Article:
Cats at the North Shore Music Theatre – 5 Stars

Reviewed by Claudia A. Fox Tree

North Shore Music Theatre presents “Cats,” starting Tuesday, Aug. 20 and playing through Sunday, Sept. 1. Tickets are priced from $45 to $75. Performances are Aug. 20 through Sept. 1, Tuesday to Thursday at 7:30 p.m., Friday and Saturday at 8 p.m., and matinees Wednesday, Saturday and Sunday at 2 p.m. A 2 p.m. matinee has been added on Thursday, Aug. 29. Kids 18 and under save 50 percent on Family Friday, Aug. 23 at 8 p.m. For tickets and information call 978-232-7200, visit

During the familiar overture, before an actor even stepped on the stage, the fog, strobe lights, strings of tiny, colored lights from the ceiling, and hanging full moon made my heart flutter. Up and down the aisle actors appeared, too dark to make out, but with what appeared to be neon glowing eyeglasses. Then they disappeared. On stage, I could see an oversized sneaker, two-foot diameter bike wheel, three-foot high Campbell’s soup can, and enormous tin water bucket surrounding the stage, giving scale to the show (and its characters’ implied small sizes) and future places to come and go from sight. My excitement was building.

The North Shore Music Theater’s performance of CATS is THE family show of the summer. Because it is entirely dance, music, and song, with no spoken dialogue, and includes elaborate make-up, CATS is not often put on in local towns by high schools or youth drama. Here is a chance to see it in a unique venue, performed in the round. All seats are good seats. In addition, the actors approach the stage from multiple aisles, in full character, on all fours, sometimes coming right up to your legs, wanting a scratch behind the ear or to play with the empty candy box under your seat. Audience interaction is encouraged as the “cats” meander by seats, making this show purr-fect for kids.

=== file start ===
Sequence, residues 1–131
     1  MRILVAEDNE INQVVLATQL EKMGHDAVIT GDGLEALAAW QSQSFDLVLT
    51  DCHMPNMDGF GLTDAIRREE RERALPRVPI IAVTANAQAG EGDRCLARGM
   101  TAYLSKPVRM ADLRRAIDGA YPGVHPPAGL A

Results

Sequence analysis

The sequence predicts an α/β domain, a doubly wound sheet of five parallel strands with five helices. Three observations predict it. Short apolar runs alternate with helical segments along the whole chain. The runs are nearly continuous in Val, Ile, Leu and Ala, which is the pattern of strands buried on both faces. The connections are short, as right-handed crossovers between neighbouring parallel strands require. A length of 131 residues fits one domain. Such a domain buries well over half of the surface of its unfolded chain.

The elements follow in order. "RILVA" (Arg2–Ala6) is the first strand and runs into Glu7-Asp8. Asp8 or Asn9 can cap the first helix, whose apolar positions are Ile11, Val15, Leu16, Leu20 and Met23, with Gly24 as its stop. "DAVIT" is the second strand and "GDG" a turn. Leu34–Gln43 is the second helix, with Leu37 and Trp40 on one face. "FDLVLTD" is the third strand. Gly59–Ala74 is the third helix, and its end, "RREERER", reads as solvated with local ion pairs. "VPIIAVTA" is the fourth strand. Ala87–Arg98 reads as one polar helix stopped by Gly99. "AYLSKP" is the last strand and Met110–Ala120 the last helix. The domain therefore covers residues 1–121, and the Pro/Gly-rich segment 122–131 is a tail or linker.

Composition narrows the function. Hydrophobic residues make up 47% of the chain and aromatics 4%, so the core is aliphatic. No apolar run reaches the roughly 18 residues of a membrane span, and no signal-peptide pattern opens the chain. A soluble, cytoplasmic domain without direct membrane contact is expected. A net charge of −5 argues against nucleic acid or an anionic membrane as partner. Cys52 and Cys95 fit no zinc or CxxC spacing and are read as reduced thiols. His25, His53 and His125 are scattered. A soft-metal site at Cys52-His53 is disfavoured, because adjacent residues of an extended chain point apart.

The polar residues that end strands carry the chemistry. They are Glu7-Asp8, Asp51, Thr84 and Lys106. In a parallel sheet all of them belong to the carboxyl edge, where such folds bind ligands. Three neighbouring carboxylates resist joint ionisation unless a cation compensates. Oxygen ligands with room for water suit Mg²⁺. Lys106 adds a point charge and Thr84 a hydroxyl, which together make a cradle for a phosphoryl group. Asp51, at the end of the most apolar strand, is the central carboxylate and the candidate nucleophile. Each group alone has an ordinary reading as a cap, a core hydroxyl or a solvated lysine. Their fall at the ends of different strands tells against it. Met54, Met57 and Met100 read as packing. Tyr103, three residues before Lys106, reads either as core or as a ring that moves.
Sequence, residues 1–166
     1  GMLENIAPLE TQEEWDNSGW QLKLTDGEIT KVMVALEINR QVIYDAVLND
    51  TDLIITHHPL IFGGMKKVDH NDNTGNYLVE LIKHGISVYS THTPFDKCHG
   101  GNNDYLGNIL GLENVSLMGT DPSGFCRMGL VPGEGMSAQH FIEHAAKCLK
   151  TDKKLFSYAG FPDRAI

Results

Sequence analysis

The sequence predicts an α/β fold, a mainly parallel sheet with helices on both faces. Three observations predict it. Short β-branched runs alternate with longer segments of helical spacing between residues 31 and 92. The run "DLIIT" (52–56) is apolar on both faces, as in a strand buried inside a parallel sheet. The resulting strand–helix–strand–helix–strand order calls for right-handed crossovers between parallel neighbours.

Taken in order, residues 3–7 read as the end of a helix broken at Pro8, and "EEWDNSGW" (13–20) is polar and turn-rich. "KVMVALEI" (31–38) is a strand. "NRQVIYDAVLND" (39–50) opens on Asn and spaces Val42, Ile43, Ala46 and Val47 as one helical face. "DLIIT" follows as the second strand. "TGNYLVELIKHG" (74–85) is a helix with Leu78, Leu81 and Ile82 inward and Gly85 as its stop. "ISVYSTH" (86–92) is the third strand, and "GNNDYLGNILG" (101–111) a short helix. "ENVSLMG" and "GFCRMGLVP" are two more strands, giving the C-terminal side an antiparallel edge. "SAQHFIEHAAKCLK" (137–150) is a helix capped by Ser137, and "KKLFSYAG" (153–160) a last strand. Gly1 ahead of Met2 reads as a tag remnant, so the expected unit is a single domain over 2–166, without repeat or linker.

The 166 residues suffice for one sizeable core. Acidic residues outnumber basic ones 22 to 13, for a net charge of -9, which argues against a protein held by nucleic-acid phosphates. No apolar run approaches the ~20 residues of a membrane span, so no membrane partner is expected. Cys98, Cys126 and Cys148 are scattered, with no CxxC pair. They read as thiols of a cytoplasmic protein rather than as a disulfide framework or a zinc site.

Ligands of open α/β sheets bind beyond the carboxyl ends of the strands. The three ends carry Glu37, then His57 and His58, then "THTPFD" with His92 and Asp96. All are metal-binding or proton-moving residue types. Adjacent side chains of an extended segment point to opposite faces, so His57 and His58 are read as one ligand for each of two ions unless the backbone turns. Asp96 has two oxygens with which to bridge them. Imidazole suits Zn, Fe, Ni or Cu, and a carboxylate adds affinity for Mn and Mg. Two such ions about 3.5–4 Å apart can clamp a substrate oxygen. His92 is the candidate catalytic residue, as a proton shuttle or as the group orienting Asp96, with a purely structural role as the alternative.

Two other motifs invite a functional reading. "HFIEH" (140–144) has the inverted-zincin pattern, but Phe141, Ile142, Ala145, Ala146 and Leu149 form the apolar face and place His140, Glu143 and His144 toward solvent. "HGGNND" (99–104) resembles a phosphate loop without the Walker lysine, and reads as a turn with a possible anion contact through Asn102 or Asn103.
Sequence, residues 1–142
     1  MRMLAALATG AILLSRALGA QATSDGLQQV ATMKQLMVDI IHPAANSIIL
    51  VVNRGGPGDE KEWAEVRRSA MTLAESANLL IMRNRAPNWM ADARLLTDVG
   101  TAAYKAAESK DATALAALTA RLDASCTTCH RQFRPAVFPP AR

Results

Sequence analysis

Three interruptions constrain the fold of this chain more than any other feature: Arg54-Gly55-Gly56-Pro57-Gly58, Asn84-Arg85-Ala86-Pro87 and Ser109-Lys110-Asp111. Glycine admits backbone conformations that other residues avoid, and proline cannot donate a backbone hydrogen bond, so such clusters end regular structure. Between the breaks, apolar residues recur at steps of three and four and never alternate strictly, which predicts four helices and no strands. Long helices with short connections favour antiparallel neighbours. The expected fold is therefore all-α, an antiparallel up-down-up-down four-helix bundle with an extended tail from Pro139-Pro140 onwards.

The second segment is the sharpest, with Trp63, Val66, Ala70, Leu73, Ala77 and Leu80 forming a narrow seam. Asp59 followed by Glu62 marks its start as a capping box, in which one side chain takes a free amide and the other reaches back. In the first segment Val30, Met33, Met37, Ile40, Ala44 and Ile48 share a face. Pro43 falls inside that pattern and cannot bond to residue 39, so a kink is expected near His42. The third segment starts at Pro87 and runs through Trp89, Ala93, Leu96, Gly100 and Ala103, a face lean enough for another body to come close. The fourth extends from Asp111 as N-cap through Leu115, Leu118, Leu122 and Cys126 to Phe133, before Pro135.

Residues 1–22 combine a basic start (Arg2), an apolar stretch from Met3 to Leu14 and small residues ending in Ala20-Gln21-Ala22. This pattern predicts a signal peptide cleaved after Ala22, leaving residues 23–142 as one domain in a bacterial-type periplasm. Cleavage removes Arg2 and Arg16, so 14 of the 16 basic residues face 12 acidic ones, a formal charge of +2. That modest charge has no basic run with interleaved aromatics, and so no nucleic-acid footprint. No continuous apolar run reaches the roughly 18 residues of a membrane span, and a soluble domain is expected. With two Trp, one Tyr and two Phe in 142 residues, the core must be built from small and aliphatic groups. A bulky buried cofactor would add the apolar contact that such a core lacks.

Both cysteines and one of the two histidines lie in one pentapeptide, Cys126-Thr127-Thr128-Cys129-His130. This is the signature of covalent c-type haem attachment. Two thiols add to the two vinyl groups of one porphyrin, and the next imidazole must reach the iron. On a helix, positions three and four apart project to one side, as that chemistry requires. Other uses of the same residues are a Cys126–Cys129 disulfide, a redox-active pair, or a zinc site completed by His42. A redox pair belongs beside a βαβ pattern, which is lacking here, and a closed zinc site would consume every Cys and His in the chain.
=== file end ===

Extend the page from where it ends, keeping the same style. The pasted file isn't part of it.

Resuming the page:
I’ve seen this musical dozens of time, on video. That is to say that it has played at least once every month at my home since the Broadway cast staring Ellen Page recorded their live performance and released it on VHS in 1998, almost two decades after it premiered. To say I know all the songs is an understatement. I had to hold myself back from singing it aloud after years of hearing it throughout my house while I was cooking or cleaning. However, unless you are a fan, the most notable song from CATS is “Memory” which stands alone, with or without the musical to back it up. Katy Blake hauntingly performs this number as Grizabella the glamour cat when she remembers her once glorious past at the end of the show, “Touch me, it’s so easy to leave me all alone with the memory of my days in the sun.”

CATS is a musical composed by Andrew Lloyd Webber based on “Old Possum’s Book of Practical Cats,” a collection of poems by T.S. Eliot. North Shore’s production is stunningly directed and choreographed by Richard Stafford. It has been translated into over twenty languages, but there are several moments in this musical where it is the dance that captures the audience with traditional synchronized movements, high kicks, and full splits, and also acrobatic handsprings, cartwheels, and aerials. There is even an impressive pas de deux (two dancers) and pas de trois (three dancers) from traditional ballet, all accompanied by a live orchestra under the music direction of Milton Granger. This show is a dance performance, as much as a musical.